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I want to use pbkdf2 to generate a key for a symetric encryption (DES, 3DES, may be AES) algorith, that will be used to secure private data between an AS/400 and another computer (probably running Windows).

I've been "porting" the pbkdf2 c source code from a FreeBSD repository to an AS/400 (AKA as iSeries or Power system), which is BTW not a big deal.

I have also compiled the same code on a Windows system (with Visual Studio 2012) (For those who may be interested, an API which implements PBKDF2 exists in Windows 7 and Win2008R2: BCryptDeriveKeyPBKDF2())

The performance seems good enough on Windows (I admit that the Windows machine is not a "slow machine" at time of writing: Asus R751L, Intel Core i7-4500U, 16GB ram): With password = "abcd", salt = "some salt" (I will use a 64bit or more if required random value in the real application), here are some times for several iterations count (c):

  • c = 1000 => 31ms (not optimized), 15ms (optimized for speed)
  • c = 10000 => 320ms (not optimized), 94ms (optimized for speed)
  • c = 100000 => 3280ms (not optimized), 880ms (optimized for speed)

(FYI, the BCryptDeriveKeyPBKDF2() API gives slightly better results than the version I have compiled, but this is not my issue)

Now the problem is the execution speed I get with the AS/400 system:

  • c = 1000 => 12590ms (not optimized), 2946ms (optimized)
  • c = 10000 => 125889ms (not optimized), 29452ms (optimized)
  • c = 100000 => (have not tried...)

My AS/400 is not a very powerful system, but even the optimized version is really slow...

Up to now, I have read that the "c" (iterations count) parameter should be as high as possible, 1000 being the recommended minimum value for "c" in the 2000's..., and that one needs to find a trade-off between acceptable performance and security, according to the involved systems; in my case, c = 1000 takes already too much time to be computed in my opinion, for several reasons:

  • Application Reponsiveness,
  • possible DOS attacks,
  • ...

Now I am wondering: can a long and/or complicated shared secret be a solution to keep "c" as small as possible without "losing" too much "security"? (1000 for "c" is already far too slow, so I would like to use c = 100 may be...)

Is there some kind of rule, like "adding n characters to the password is somewhat equivalent increasing the number of iterations (c) of x?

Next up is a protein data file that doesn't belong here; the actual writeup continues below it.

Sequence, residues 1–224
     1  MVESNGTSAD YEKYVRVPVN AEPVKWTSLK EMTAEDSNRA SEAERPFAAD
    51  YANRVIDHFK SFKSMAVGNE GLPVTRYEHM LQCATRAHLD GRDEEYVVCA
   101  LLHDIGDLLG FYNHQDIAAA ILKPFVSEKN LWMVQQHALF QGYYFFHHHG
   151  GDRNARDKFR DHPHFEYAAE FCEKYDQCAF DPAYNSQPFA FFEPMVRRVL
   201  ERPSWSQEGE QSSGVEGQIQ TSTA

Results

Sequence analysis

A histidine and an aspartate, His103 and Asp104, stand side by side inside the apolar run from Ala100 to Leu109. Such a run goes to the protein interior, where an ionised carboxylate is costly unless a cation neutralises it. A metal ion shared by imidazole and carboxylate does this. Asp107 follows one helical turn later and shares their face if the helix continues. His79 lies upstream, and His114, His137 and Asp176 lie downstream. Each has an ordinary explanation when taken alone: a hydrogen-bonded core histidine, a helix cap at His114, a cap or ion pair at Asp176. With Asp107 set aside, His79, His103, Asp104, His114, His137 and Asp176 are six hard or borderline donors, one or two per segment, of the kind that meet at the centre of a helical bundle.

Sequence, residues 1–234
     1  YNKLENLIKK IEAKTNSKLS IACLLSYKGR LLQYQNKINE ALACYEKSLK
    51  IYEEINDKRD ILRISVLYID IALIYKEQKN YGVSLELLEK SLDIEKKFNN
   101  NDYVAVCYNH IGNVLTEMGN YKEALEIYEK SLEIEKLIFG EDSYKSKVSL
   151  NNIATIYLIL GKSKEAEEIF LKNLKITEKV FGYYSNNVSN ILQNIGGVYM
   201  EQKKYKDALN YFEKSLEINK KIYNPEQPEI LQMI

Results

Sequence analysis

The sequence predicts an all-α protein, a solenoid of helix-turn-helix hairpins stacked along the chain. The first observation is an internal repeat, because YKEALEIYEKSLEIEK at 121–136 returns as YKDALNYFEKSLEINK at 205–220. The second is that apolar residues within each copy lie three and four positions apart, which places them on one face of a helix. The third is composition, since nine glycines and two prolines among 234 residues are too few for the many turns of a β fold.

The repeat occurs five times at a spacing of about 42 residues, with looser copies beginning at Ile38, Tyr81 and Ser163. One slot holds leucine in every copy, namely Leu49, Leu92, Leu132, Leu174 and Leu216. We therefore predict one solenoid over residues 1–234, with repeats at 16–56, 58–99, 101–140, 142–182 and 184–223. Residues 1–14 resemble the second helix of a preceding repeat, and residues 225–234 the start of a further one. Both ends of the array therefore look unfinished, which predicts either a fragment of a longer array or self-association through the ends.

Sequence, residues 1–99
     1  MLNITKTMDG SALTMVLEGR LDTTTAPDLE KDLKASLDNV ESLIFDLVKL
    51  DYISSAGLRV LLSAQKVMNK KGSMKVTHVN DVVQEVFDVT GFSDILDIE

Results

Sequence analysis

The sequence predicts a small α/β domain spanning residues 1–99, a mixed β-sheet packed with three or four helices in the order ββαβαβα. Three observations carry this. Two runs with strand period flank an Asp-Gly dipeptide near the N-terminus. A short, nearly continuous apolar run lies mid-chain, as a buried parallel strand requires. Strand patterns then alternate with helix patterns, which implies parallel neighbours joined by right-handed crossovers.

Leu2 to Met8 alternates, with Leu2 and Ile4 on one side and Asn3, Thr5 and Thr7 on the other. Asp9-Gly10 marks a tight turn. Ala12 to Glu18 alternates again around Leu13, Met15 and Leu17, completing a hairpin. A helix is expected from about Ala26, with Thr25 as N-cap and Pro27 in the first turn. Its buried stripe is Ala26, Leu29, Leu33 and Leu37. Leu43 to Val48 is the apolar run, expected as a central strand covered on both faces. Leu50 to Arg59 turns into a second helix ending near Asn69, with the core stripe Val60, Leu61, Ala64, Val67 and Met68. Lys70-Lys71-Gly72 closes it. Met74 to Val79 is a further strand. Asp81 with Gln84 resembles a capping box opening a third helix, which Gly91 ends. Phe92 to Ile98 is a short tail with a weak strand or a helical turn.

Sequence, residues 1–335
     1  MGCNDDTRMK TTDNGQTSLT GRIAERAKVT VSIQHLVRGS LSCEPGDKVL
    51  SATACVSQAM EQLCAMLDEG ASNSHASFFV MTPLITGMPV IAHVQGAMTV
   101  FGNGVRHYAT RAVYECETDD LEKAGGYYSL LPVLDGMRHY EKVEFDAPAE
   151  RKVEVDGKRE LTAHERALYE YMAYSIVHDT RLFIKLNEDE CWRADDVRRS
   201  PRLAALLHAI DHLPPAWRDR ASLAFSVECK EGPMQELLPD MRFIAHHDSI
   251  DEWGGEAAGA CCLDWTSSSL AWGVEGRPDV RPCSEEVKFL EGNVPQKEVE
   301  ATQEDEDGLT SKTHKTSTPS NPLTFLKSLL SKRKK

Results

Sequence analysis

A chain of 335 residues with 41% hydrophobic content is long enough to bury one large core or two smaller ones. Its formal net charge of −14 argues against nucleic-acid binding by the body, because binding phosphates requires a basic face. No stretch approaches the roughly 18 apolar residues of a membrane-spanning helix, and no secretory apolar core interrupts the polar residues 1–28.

Does increasing the size of the salt (e.g., 128 bits or more instead of 64 bits) increase the difficulty get back to the original data for a cracker?

  • Can the AS/400 run bcrypt? – user49075 Sep 28 '14 at 17:16
  • I have searched in this direction, but did not find it was possible yet... PHP on iSeries may have this feature (I believe that recent versions of PHP have a PBKDF2 function), but PHP can't be a requirement for my application. – ggo Sep 29 '14 at 7:34
  • Slow hashes are a desperate measure to reduce the problems of weak passwords chosen by typical users. If you can use strong passwords that's much better than what an expensive hash can achieve. – CodesInChaos Sep 29 '14 at 9:08
  • Thank you for the comment. In my case it will be the responsibility of the Administrator to choose the shared secret, so it's not a problem for me (I mean: it can be explicitely written in the documentation that the shared secret should be "strong"). But please tell me: do you think that choosing a strong password (shared secret) is enough for my case, and that reducing the number of iteration count (e.g., to 100) for the PBKDF2 step is ok? – ggo Sep 29 '14 at 9:48
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The AS/400 line of machine has a long history. They normally use CPU from the PowerPC / POWER family, but the first models began with CPU clocked at 55 MHz, which you cannot expect to be fast... This might explain the abysmal performance that you get. Or perhaps there was some subtle issue in your porting process. For instance, aggressive loop unrolling may make a function code exceed L1 cache, which can kill performance big time (I already witnessed a 50x slowdown for such cases).